Manchester Pride has added the Mayfield Depot to its programme of events, alongside introducing a new flag for the 2019 edition of the festival.
Traditionally taking place over the August Bank Holiday, Pride had faced some concerns around its traditional Gay Village site due to ongoing building developments.
The Mayfield element of the festival will be a ticketed event, and will be held on Saturday 24th and Sunday 25th August, called Pride Live. It replaces the previous incarnation, the Big Weekend.
The addition of Mayfield is to mitigate the loss of stage space in the Village, with Manchester Pride CEO Mark Fletcher claiming the disused railway station would see “world-class acts” perform, but refused to be drawn on who would be headlining the festival. He added that acts would be announced in the next six weeks, with tickets on sale from 31st January.
Pride Live will be made up of numerous stages, enhancing the capacity of the festival as a whole. However, Fletcher could not confirm the exact capacity figure for Pride Live.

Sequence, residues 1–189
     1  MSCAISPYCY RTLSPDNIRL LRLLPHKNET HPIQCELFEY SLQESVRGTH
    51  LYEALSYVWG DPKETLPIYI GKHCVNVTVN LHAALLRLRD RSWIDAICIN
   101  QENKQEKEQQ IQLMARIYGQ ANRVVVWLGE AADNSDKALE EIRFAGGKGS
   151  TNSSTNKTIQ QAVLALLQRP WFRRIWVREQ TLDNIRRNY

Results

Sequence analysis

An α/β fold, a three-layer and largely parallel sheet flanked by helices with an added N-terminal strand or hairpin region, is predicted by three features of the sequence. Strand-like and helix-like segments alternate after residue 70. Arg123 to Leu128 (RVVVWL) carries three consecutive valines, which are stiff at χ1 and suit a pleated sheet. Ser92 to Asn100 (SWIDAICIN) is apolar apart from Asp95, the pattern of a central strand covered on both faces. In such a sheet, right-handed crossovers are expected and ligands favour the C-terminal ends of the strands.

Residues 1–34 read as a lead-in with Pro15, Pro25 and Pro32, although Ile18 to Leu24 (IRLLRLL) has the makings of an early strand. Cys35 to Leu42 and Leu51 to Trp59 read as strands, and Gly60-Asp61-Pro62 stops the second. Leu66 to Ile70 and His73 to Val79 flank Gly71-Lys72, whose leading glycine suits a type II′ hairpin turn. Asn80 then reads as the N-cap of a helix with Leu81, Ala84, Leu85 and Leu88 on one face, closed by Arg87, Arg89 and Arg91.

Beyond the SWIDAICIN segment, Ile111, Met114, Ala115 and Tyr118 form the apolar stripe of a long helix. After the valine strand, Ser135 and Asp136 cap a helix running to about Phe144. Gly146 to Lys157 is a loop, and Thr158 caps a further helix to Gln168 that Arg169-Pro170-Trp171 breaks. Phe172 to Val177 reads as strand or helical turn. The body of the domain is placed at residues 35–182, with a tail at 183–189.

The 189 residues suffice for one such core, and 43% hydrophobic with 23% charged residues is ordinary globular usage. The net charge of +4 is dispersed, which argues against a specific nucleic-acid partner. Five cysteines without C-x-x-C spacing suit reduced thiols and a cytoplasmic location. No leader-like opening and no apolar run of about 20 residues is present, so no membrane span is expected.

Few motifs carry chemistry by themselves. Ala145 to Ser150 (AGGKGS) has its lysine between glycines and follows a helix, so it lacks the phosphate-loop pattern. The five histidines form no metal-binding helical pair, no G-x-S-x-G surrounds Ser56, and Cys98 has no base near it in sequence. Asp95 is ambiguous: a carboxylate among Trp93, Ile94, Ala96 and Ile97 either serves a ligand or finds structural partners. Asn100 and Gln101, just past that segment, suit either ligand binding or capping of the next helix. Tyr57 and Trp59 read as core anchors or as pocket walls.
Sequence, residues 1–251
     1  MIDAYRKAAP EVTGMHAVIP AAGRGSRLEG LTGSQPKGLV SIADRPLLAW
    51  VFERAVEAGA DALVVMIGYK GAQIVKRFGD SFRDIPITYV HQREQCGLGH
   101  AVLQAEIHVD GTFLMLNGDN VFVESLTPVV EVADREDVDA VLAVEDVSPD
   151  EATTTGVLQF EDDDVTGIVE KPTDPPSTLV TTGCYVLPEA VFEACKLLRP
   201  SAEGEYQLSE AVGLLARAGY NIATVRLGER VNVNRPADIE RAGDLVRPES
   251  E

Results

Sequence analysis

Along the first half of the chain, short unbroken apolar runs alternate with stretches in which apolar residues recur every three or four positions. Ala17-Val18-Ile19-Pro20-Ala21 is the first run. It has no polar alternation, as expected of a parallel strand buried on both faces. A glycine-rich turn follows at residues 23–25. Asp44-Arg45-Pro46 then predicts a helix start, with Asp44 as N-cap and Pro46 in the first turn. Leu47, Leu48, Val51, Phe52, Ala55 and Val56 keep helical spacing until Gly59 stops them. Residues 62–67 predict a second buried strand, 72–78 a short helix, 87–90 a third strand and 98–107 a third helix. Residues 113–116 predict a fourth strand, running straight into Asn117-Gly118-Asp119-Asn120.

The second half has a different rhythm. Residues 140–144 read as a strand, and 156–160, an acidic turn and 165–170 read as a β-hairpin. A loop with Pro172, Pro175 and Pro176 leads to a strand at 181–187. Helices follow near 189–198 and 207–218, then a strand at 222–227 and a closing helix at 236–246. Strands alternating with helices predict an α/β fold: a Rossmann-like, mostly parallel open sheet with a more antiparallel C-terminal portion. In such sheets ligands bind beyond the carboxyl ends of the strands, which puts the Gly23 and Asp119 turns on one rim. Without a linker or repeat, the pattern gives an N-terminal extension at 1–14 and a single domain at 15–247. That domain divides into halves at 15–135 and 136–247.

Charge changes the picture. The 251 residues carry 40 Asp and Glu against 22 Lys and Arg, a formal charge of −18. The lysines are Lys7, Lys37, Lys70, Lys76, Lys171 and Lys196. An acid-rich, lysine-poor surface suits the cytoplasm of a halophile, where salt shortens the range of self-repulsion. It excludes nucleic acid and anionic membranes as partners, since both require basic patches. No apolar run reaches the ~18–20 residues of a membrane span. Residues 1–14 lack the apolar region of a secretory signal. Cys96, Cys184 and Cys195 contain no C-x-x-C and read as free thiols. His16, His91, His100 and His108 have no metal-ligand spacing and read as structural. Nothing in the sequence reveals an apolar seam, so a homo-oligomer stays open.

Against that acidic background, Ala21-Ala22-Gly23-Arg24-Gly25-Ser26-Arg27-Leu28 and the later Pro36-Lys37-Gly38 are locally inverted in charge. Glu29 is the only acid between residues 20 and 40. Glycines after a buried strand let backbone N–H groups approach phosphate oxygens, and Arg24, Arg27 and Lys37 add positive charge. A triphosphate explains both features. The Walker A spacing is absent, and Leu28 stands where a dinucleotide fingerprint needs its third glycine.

The other major announcement was an alteration to the traditional Pride flag. Black and brown bands will be added to the top of the rainbow, to celebrate the contribution of people of colour to the LGBT+ community. This version of the flag was first adopted by the US city of Philadelphia in 2017.
A new Youth Pride was also announced, aimed at 16-25 year olds. The free-to-attend event will be an alcohol-free space, as will the Superbia Weekend — “a culturally rich alternative to the hedonism of the other elements of the festival”.
When addressing the tricky issue of the ongoing developments in the Village, Mark Fletcher said the Pride parade route would remain unchanged and still travel through its traditional city centre hub. Also unchanged is the Sackville Gardens Candlelit Vigil, which sees the park transformed into “a sea of flickering candles” to allow attendees to “take a minute to remember those lost to the HIV virus”.
Fletcher added: “Manchester has always led the way in advancement of LGBT+ rights. What’s more, 2019 will mark the 50th Anniversary of the Stonewall Uprising; an event which kick-started a half-century of LGBT+ right liberation.
“We’ve been working hard to ensure that the political messaging and purpose of the Manchester Pride Festival remains clear and accessible for everyone.”